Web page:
When you are drawing from your portfolio in retirement, one often overlooked risk is something called Sequence of Returns Risk which can have a drastic effect on your individual situation. This risk tends to present itself if you retire and the market dips creating a situation where you are now drawing from a smaller portfolio. If the market dips further or stays low for a while, it could create a disaster for you if your withdrawal rate becomes too high. This could cause you to draw your principal down to a point where, even if the market bounces back, you could still end up faced with the real possibility of running out of money.
A real-life example can better illustrate this.
Suppose you had a $1 million investment in the S&P 500 Index from 1989-2008. If over this time you withdrew an inflation-adjusted 5% of the portfolio yearly, through 2008 you would have ended with $3,100,858. So, in real life over this time period, things would have worked out fine for people. The average annual return for the S&P 500 was 8.43% over these 20 years.
Now, here’s another example that illustrates what sequence of returns risk is. If you ran the same exercise but flipped the sequence of the returns starting with 2008 (when the market crashed) being year 1, and 1989, being year 20, guess what happens?
The average annual total return of the S&P 500 of course remains the same at 8.43%, however, your portfolio ends with a value of just $235,103. Almost $2.9 million less! The reason is that there was a very bearish market at the beginning of the exercise when the sequence was flipped. Starting with 2008, the market lost 37%, and remember you have to take 5% out for living expenses.
This leaves you with 42% less money or only $580,000. You would now be in a situation where you are forced to draw off of a much smaller base.
Originally you were only drawing 5% or $50,000 from a $1 million portfolio, but now if you drew the same $50,000, this would represent a withdrawal rate of almost 9%. This makes it hard for the portfolio to recover as now you’d need the market to grow by more than 9% to start seeing your principal grow again.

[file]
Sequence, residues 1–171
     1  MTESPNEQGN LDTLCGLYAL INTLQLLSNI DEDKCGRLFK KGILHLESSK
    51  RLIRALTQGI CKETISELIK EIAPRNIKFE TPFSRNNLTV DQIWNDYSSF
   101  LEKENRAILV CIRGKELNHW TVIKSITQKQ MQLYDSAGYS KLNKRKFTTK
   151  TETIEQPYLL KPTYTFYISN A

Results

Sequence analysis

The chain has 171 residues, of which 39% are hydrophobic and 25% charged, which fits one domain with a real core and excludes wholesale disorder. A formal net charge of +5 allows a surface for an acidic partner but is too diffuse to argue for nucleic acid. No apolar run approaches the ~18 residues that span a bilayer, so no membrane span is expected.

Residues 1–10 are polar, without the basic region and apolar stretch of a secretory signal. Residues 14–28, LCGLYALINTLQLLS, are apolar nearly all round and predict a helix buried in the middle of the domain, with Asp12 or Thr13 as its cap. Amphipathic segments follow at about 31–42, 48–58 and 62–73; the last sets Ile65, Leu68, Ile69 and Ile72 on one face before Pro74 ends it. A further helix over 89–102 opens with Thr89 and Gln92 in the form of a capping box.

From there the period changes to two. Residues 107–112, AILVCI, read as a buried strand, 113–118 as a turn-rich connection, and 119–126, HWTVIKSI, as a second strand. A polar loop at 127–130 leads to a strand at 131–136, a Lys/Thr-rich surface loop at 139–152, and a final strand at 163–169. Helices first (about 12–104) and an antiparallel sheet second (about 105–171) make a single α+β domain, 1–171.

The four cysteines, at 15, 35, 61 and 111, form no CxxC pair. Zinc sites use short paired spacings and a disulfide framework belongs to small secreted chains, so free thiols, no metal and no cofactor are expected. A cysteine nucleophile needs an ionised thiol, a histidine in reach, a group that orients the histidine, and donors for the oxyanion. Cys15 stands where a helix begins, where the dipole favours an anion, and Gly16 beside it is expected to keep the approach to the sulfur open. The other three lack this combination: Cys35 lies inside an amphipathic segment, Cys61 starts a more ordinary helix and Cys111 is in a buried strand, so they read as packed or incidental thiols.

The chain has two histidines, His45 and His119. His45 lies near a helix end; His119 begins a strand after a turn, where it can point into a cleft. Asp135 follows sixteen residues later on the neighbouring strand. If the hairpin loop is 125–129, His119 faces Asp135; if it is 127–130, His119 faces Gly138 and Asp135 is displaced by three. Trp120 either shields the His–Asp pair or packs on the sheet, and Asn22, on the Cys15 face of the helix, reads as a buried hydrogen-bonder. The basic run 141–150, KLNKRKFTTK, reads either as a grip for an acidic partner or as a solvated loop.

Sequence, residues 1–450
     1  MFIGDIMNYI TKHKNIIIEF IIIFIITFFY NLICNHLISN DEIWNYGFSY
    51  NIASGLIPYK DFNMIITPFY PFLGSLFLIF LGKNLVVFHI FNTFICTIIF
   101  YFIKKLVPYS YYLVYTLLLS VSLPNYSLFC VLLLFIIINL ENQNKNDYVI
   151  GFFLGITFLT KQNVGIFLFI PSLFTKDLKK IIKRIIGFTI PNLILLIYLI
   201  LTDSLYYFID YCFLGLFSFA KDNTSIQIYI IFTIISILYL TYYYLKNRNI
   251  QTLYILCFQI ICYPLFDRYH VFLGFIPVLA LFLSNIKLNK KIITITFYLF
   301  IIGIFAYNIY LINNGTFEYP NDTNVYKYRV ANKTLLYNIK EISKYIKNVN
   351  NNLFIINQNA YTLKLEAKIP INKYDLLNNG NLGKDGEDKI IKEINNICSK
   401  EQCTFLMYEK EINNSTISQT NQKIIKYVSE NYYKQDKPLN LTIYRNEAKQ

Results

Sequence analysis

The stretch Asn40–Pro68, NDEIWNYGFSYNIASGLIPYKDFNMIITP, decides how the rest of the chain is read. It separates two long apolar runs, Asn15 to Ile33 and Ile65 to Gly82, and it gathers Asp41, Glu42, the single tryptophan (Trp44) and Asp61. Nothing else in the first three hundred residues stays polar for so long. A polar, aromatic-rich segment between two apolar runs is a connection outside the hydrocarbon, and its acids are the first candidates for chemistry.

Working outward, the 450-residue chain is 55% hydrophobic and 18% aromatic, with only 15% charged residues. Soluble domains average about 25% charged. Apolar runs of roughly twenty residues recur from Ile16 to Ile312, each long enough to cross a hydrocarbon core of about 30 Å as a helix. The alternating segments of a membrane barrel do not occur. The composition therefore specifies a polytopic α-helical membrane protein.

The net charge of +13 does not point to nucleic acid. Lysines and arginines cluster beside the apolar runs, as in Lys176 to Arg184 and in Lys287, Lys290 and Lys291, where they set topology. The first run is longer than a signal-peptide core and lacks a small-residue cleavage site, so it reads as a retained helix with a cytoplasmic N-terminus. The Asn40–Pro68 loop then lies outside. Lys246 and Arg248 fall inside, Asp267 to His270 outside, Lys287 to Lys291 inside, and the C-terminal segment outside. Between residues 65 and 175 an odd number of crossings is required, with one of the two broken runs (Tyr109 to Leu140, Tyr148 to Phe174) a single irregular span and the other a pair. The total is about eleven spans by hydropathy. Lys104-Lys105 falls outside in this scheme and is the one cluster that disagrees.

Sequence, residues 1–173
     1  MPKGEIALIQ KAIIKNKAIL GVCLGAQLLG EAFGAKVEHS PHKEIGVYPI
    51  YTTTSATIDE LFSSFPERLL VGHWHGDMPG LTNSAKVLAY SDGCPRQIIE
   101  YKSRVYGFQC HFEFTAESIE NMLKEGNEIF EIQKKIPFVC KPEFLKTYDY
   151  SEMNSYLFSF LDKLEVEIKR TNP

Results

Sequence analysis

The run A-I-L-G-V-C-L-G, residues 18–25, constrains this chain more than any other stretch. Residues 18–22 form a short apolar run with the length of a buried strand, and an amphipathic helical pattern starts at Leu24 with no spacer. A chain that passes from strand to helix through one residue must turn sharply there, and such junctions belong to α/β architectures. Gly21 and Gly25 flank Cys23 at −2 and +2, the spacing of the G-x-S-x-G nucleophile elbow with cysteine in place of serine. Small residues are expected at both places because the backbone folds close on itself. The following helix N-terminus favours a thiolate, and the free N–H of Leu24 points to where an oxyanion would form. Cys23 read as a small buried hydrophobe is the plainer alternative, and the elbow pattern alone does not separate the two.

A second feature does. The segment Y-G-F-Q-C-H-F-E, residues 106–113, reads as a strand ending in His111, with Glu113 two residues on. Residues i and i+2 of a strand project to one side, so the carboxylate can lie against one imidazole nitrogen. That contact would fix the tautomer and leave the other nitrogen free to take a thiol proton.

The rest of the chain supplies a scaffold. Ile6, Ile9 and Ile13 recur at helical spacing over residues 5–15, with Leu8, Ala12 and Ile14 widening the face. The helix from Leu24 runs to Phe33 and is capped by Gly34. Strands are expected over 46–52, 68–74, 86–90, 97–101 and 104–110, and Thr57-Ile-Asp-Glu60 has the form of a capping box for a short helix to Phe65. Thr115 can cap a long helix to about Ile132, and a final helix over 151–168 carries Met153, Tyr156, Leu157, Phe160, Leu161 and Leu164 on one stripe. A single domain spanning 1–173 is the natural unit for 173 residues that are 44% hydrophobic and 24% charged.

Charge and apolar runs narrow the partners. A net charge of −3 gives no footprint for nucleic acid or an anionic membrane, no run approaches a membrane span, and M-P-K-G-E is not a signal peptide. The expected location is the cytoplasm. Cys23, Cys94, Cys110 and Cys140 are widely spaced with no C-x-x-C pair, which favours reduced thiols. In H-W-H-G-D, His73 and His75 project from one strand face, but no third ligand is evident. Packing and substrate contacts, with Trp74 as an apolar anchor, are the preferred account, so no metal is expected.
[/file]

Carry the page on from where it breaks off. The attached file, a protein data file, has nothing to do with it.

What can we learn from this exercise? Well, this shows you why you can’t have all your money in just stocks in retirement. It’s imperative to have a balanced portfolio where you’re not put in a situation where you need to sell your stocks low to fund your expenses. In today’s environment, you can have cash equivalent money market funds that pay you around 5% interest providing a nice return while avoiding the risk of the market. Additionally, even though 2022 was a bad year for bonds, fixed-income investments typically provide ballast and perform well when the stock market declines. Making sure you have the right mix of “non-stock” investments allows you to even out the ride in retirement and minimize your sequence of returns risk.
Additionally, a good financial advisor should be able to stress-test your retirement plan and even run a bear market scenario to make sure your plan still holds up. The last thing you want is to have to go back to work because you simply picked the wrong year to retire.
CRA Investment Committee
Matt Reynolds CPA, CFP® Tom Reynolds, CPA
Robert T. Martin, CFA, CFP® Gordon Shearer Jr., CFP®
Jeff Hilliard, CFP®, CRPC® Joe McCaffrey, CFP®
Phillip Tompkins, CFP®
(This article is for informational and educational purposes only and should not be relied upon as the basis for an investment decision. Consult your financial adviser, as well as your tax and/or legal advisers, regarding your personal circumstances before making investment decisions.)